Ford Motor acts like a smart kid seeking popularity by acting dumb. It has all of the stuff necessary to be at the head of the class, certainly enough to be among those students on the dean’s list or honor roll.

But it continually succumbs to the nonsense of “keeping it real,” being like everybody else, worse than the best.

The same silliness is manifested in politics, in the national hunger for a man or woman of the people. We want our leaders to be as ordinary as we are. That is why we often are led astray.

At Ford, this goofiness is manifested in the 2009 Ford Escape compact sport-utility vehicle, the original version of which was introduced a decade ago.

At birth, the Escape was something of a prodigy. It was small enough to make sense in the city, rugged enough to survive in the outback, fuel-efficient enough to get through an economic downturn.

It can be argued that the Escape was so good that it set an example for the competition, especially in the category of fuel efficiency for small SUVs. But like the smart kid afraid of losing dumb friends, the Escape, with the blessing of its Ford parents, slowed its pace toward excellence, allowing competitors to catch and pass it in the marketplace.

Let us, for example, consider the matter of brakes.

Disc brakes are more effective than drum brakes. Four-wheel disc brakes are better at reducing stopping distance than an arrangement of disc brakes up front and drum brakes in the rear.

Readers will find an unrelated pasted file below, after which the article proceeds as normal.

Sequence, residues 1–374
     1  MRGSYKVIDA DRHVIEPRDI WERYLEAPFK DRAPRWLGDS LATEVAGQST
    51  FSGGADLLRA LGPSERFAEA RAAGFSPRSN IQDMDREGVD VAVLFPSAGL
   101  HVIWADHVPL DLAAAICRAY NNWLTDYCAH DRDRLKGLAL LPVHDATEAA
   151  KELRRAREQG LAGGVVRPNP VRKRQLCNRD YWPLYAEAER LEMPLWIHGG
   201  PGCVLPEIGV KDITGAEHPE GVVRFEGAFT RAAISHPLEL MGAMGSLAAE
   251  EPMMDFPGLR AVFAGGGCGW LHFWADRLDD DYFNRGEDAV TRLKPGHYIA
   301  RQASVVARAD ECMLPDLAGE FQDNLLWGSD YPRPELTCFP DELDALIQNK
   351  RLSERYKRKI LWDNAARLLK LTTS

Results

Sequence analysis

The rival Honda CR-V, Toyota Rav4 and Hyundai Santa Fe — Hyundai! — all come with ventilated discs up front and solid disc brakes in the rear. They all stop smartly when those brakes are applied. What about the Escape?

Smart kids who value popularity over intellect or academic achievement frequently do dumb things to sabotage their progress. Thus was the case with the Ford Escape.

The Escape once came to us with disc brakes front and rear. That was a good arrangement, a smart setup. But the Escape was losing the popularity contest in styling. So, the people at Ford decided to spiff it up for model year 2008, giving it a complete makeover inside and out, an effort highlighted by an attractive chrome grille that simultaneously bespeaks elegance and ruggedness.

Interior materials were improved along with fit and finish and general ergonomics. Horsepower was ramped up in the standard inline four-cylinder Escape, as well as in the six-cylinder model driven for this column. Also, like a teenager with the latest telecommunications and infotainment gizmos, the Escape got all of those — in the form of the onboard Microsoft/Ford Sync communications system.

Apparently, the people at Ford thought that looking good, flexing more muscle and getting hip with electronics were good enough — because they proceeded to do something unspeakably dumb. They replaced the Escape’s rear disc brakes, which worked wonderfully well, with substantially less effective rear drum brakes.

The new Escape, as a result, is something of a dullard when it comes to stopping. Its driver has to concentrate on keeping a safe stopping distance between it and the vehicle ahead. That’s something that drivers should do anyway. But in the new Escape, maintaining a safe stopping distance is mandatory.

I’m totally flummoxed here. I feel like a parent looking at the academic report of a one-time “A” student who has brought home “Cs” and “Ds.” I need to speak to a counselor. I just don’t get it.

Why would Ford do something as dumb as ditch highly effective four-wheel-disc brakes for a front disc-rear drum setup? Was it to cut costs? Has mediocrity become “Job One” at Ford? What’s going on here? The answer escapes me.

ON WHEELS WITH WARREN BROWN Listen from noon to 1 p.m. Tuesdays on WMET World Radio (1160 AM) or

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